In this article, Kent notes the IEEE standards-based nomenclature for the microwave bands. He also pulls together a list of frequence and wavelength for the VHF through microwave bands, and gives the generally accepted calling frequencies for each band.
In dicussions of microwave bands, the term "band" is somewhat context dependent, as are the letters used to designate them. The generally-accepted commercial and military letter designators for microwave bands is given in the below IEEE Standard 521-1984 table.
For amateur radio work, it happens that there may be more than one allocated amateur band within the same IEEE-designated band letter. The ARRL has therefore defined its own band designators for VHF through microwave. These are given in the second table.
Below is the IEEE's standard radar frequency letter-band nomenclature:
|L||1.0 - 2.0|
|S||2.0 - 4.0|
|C||4.0 - 8.0|
|X||8 - 12|
|Ku||12 - 18|
|K||18 - 27|
|Ka||27 - 40|
|V||40 - 75|
|W||75 - 110|
For more on letter-band designators, read Alphabet Soup.
Below are the ARRL ham ban designators, used for contests and throughout this site. Data without question marks is believed correct. If you know better or can replace the question marks, send us the corrections and we will update this. Contact us here.
|Terrestrial Calling Frequencies (MHz)|
|A||50-54 MHZ||6m||50.125||52.525 (V)|
|B||144-148 MHZ||2m||144.2||146.52 (V)|
|C||222-225 MHZ||135cm||222.1||223.5 (V)|
|D||420-450 MHZ||70cm||432.1||446.0 (V)|
|9||902-928 MHZ||33cm||902.1 (Note#1, below)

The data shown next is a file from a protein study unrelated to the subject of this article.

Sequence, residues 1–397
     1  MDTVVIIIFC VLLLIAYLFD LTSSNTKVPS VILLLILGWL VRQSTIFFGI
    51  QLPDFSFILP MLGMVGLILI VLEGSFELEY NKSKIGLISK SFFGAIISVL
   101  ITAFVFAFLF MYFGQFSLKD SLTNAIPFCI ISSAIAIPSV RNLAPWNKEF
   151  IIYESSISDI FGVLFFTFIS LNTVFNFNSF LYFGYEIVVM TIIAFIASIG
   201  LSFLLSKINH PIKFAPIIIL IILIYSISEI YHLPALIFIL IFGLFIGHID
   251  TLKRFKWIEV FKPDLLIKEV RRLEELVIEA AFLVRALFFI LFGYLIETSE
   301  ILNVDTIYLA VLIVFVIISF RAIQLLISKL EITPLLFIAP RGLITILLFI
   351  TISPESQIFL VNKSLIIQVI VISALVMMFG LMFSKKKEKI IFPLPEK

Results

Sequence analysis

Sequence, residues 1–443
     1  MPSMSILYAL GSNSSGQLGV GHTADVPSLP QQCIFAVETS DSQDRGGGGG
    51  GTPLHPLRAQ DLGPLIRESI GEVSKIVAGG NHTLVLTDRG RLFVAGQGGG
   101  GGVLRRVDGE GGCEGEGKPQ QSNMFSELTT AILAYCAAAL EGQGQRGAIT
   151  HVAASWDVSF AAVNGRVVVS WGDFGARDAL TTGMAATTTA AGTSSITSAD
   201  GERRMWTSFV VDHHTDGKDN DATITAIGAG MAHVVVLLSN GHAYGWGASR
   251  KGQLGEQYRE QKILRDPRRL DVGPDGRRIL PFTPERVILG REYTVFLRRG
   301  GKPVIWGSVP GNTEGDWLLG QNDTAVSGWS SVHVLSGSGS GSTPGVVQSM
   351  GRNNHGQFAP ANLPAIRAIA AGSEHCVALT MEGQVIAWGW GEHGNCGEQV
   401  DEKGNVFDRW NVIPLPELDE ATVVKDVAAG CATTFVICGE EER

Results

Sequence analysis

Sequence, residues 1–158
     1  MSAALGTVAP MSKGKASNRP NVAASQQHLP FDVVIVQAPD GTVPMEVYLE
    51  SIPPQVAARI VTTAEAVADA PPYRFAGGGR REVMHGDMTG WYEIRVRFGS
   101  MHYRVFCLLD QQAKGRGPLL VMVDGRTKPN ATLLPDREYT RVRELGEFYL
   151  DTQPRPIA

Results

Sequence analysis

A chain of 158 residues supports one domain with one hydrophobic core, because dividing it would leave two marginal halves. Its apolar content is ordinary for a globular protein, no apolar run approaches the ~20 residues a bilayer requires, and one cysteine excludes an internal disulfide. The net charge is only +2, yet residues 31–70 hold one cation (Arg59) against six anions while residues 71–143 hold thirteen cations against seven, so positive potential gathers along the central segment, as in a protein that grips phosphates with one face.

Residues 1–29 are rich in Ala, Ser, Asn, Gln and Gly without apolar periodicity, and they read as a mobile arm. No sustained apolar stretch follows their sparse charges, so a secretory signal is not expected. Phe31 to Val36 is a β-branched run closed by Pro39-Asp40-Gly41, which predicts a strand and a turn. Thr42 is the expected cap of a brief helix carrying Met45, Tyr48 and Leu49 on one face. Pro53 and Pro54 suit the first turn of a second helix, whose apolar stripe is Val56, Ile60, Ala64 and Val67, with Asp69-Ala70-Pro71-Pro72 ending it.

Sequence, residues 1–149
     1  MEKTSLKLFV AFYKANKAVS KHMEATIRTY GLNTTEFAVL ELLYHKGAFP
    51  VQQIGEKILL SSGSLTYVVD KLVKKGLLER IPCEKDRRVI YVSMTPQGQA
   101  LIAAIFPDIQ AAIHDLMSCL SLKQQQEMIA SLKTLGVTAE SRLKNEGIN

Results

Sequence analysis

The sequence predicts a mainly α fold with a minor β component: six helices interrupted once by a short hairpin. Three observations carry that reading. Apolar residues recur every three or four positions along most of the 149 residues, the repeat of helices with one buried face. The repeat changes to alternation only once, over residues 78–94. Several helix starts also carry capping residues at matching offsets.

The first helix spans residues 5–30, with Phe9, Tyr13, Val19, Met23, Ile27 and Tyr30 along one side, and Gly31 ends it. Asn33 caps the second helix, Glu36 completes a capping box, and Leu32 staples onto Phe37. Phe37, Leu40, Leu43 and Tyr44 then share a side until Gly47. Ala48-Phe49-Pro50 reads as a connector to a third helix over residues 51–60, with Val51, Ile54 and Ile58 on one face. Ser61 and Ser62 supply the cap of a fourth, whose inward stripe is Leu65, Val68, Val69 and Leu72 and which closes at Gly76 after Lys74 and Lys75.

E. Coast & NW: 903.1
|927.5 (North CA) (V)
906.5 elsewhere? (V)
|E||1240-1300 MHZ||23cm||1296.1||1294.5 (V)|
|2304.5 & 2394.5 (?)
2305.2 (Canada & ARRL) (?)
|US EME 2304.1, EU EME 2320.1, JA EME 2424.1|
|G||3300-3500 MHZ||9cm||3456.1||?? (?)|
|H||5650-5925 MHZ||5cm||5760.1||?? (?)|
|I||10-10.5 GHZ||3cm||10,368.1||10,250 & 10,280 (H)
10,450 (Canada) (?)
10,364.0 (ARRL) (?)
|24,125.0 & 24,155.0 (H)|
|K||47-47.2 GHZ||6mm||47,088.1 (UK & US)
|M||75.5-81 GHZ||4mm||by prearrangement|
|N||122.25-123 GHZ||2.5mm||by prearrangement|
|P||134-141 GHZ||2mm||by prearrangement|
|R||241-250 GHZ||1.2mm||by prearrangement|
|S||Above 300 GHZ||<1mm||by prearrangement|
#1 - 903 was initially chosen over 902 because it allowed more commonly available xtals to be used in the transverter. FCC part 15 devices must put out about 70 dB less energy on 901.999 as they as they are allowed on 902.001.
Since these inexpensive devices hardly have multipole interdigital filters, they meet spec by staying away from the edges of the band. In many metropolitical areas there is as much as 10 dB difference between the noise floor at 902.1 vs 903.1
As as we get more wireless phones, VCR Rabbits, and wireless can openers, it's only going to get worse. For serious work on 33cm we really should be looking at 902.010 MHz! Just remember, most IF rigs are a lot easier to tune up to 145 MHz so you are on 903, that to tune the IF rig down to 143 MHz for 902. - WA5VJB
The following are links to various band plans we have identified around the world. More will be added as they are discovered.